Tracklist1. Sigil of Brass
2. His Teeth Old Brightly Shine
3. A Multiplicity of Doors
4. The Corascene Dog
5. The Rakehell
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It took me a long time to sit down and listen to Angels of Darkness, Demons of Light II for the first time, let alone repeat spins, because in all honesty I was afraid of what I might find. It’s not that this album’s precursor was bad in the sense that the music was inducing shudders and cringes, but rather that it was just so damn boring. Well folks, I am here to tell you that my previous pronouncement of Earth’s demise may have been slightly inaccurate, as Carlson and Co. don’t appear to have flat-lined just yet (that’s right, there is a pulse, albeit a faint one).
My initial trepidation was confirmed, however, by the exceedingly dull “Sigil of Brass,” but fortunately it’s short (by Earth standards). On the second track, “His Teeth Did Brightly Shine,” the band’s continued obsession with Americana pays off in spades. The subtle twangs, rattles, and slide guitar buried in the sparse mix offer a kind of meditative Southwestern atmosphere that is very easy to immerse yourself in. “Waltz (A Multiplicity of Doors)” is less dusty than “Teeth,” but it’s another song that uses Earth’s length and minimalist aesthetic to craft a warm, inviting atmosphere. Unlike on Angels I the cello actually works, instead of prompting the listener to slip harmlessly into a deep sleep.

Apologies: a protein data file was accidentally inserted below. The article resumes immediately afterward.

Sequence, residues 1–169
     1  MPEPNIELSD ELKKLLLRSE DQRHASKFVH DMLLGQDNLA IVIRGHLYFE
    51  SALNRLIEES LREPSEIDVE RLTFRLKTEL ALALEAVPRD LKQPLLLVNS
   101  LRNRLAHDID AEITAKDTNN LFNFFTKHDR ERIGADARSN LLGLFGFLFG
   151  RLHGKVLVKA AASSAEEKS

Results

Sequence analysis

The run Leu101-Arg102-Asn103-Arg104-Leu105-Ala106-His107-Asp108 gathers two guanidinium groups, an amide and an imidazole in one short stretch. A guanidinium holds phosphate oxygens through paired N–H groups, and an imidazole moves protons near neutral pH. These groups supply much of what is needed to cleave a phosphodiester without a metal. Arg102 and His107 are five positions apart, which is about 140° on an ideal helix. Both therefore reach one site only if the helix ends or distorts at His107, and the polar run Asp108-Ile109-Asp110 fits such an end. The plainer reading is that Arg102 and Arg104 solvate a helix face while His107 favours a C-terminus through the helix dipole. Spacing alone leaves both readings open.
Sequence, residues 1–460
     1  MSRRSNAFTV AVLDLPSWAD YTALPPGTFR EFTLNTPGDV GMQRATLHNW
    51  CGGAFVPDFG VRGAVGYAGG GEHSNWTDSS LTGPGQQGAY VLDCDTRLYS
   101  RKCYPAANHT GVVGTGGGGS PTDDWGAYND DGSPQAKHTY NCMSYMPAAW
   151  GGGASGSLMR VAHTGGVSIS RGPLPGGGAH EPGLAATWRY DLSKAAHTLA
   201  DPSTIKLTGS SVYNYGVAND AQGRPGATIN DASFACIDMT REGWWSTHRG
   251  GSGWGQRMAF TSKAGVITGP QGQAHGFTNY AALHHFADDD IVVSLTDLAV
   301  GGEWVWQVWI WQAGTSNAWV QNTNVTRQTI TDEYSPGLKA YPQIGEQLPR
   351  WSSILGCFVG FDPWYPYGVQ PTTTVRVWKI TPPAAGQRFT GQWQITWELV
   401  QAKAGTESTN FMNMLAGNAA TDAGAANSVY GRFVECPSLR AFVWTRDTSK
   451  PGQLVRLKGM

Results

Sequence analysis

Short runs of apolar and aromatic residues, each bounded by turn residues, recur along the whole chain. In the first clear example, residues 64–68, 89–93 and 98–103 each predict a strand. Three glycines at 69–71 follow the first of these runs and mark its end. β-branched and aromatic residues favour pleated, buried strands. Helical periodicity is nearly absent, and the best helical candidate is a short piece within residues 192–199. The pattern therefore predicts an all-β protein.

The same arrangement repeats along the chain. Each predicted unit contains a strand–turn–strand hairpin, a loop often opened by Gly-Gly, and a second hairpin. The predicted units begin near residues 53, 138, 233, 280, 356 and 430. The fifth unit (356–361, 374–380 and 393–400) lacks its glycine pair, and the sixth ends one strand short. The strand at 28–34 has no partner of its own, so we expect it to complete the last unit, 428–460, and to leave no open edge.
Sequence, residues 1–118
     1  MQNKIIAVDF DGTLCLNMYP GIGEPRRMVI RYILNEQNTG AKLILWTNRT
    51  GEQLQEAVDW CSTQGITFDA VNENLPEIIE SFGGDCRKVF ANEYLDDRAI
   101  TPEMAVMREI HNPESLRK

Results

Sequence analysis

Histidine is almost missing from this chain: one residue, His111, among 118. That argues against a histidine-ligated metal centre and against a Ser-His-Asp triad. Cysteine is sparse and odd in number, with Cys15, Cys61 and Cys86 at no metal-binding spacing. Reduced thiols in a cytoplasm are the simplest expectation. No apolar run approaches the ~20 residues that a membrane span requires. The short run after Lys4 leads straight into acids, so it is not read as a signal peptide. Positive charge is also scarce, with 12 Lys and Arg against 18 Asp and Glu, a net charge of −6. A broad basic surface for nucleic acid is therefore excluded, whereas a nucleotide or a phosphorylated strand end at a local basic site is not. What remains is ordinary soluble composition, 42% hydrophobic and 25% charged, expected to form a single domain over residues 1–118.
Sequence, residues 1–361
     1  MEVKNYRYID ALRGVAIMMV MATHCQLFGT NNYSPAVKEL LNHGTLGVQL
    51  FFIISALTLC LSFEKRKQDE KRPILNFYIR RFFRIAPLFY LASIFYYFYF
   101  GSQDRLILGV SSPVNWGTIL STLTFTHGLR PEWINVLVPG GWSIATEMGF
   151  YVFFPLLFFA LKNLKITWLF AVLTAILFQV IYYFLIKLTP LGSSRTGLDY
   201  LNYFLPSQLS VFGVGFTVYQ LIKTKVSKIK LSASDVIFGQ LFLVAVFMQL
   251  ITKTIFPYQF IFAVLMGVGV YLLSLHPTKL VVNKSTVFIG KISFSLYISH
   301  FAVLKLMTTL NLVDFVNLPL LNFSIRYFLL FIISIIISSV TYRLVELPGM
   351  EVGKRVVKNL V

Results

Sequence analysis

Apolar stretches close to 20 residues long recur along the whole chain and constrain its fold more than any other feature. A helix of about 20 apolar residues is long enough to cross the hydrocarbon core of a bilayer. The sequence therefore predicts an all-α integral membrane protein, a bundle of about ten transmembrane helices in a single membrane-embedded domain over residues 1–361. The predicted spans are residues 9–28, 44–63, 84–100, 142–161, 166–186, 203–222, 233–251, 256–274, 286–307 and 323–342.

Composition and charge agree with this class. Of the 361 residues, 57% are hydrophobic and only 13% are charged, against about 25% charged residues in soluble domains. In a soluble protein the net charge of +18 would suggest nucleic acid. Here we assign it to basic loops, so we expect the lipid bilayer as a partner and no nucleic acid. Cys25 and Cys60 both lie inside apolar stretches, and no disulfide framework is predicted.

“The Corascene Dog,” track four of five, takes elements of the preceding two songs and winds them around a slight nod to rock ’n roll on the guitar in the early going, and a kind of dusk-on-a-Middle-Eastern-soundscape later on that delivers us to finale, “The Rakehell.” “The Rakehell” is just okay, and I kept finding myself wishing that there was more layering at work here. I just don’t think the psychedelic flourishes alone can do enough to transcend the lengthy run-time.
While Angels of Darkness, Demons of Light I was an exercise in distance sleep-walking, its sequel, counterpart, what-have-you, does show some signs of life. There are still far too many uninteresting stretches, but maybe, just maybe, Earth isn’t completely irrelevant quite yet.